SharePoint -- What's Ahead?

  • 19-Oct-2009

This is an important week for Microsoft. In the face of a major offensive from Google’s “Gone Google” campaign, they launch Windows 7 and also reveal some interesting developments at the SharePoint conference in Vegas.

Microsoft has incorporated feedback from over 17000 customers and 4000 partners for SharePoint 2010 which is due in the middle of 2010. From rebranding (no Office and no MOSS is the name) to usability improvements to functionality changes, you can expect many things.

One of the major shortcomings of MOSS, as our readers of the SharePoint and other reports know is that you can only work with a specific document and not with a collection of documents. So as an example, you cannot have a process flow for an RFP that consists of a Word document, an Excel spreadsheet and a PowerPoint presentation. You have to instead work with each individual document.  In SharePoint Twenty-Ten, you will actually be able to work on “Document Sets” and be able to start a new process right from Microsoft Word. We will of course closely look at this and other similar changes in our ECM report.

There are some major improvements expected in Collaboration and Compliance areas as well. Microsoft has also made major investments in other areas such as Taxonomy, Content Processing rules, distributed deployment and so on.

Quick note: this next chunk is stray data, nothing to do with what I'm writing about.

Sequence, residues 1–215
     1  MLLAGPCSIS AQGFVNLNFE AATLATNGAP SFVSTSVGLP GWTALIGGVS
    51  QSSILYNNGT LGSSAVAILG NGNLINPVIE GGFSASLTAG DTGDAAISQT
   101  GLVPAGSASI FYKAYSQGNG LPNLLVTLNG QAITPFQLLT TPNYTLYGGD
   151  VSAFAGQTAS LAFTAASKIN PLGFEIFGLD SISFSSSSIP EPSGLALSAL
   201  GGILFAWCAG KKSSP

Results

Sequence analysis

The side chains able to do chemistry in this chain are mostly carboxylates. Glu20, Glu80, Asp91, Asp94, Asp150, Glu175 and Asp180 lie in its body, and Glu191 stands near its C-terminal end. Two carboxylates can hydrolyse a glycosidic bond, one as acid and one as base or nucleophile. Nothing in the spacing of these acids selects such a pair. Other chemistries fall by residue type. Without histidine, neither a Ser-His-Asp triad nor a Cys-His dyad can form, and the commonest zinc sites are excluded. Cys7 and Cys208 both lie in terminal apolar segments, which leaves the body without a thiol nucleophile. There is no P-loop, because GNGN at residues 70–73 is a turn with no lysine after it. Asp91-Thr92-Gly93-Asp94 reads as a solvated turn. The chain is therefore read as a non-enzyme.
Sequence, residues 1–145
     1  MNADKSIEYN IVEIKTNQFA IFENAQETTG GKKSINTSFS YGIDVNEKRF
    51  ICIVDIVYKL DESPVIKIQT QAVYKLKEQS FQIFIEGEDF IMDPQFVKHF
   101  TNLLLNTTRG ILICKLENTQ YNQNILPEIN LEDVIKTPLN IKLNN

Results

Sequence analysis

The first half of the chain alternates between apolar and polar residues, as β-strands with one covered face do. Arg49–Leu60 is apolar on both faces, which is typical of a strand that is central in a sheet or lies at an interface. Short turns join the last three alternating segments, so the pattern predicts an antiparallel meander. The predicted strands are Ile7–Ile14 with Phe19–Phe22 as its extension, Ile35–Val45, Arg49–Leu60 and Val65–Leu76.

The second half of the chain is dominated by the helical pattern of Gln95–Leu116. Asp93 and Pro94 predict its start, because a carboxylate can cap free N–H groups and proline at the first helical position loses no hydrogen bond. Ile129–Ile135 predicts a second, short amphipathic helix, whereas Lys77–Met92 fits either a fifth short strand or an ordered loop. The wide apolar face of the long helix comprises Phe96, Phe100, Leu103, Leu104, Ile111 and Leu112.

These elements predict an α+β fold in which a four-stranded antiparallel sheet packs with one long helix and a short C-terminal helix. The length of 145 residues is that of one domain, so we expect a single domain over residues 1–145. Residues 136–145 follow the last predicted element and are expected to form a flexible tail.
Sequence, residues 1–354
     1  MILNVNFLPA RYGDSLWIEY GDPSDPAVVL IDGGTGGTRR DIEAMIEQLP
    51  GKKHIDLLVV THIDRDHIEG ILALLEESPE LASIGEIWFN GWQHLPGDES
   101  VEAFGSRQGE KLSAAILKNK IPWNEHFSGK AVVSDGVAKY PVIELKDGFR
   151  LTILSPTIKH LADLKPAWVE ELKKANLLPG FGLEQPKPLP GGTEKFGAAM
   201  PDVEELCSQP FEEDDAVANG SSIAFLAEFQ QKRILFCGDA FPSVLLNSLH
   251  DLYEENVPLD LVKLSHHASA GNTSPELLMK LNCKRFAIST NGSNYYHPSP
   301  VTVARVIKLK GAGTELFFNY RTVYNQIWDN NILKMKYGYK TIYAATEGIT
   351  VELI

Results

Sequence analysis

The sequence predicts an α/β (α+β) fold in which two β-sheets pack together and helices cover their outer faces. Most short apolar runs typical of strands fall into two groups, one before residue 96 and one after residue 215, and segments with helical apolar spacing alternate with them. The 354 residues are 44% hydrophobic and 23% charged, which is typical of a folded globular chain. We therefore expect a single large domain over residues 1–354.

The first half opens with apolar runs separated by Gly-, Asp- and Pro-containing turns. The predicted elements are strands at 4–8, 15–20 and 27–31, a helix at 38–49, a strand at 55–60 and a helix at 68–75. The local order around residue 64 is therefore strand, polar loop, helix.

Microsoft is also projecting SharePoint as an Internet Development platform. There’s some interesting work happening in integration of Visio with SharePoint designer that will make it easier to create workflow based applications.

However, like all roadmaps, no one can be sure of what actually makes it to the final release. This will be a major release, going much beyond cosmetic name changes and rebranding. Microsoft’s marketing will have you believe that because it’s one single platform consisting of Sites (Portal), Communities (Collaboration), Content (ECM and WCM), Insights (Analytics), Composites (Mashups) and Search, your TCO will be lower as compared to that of competition. But make sure you evaluate carefully. We will be closely watching and reporting.

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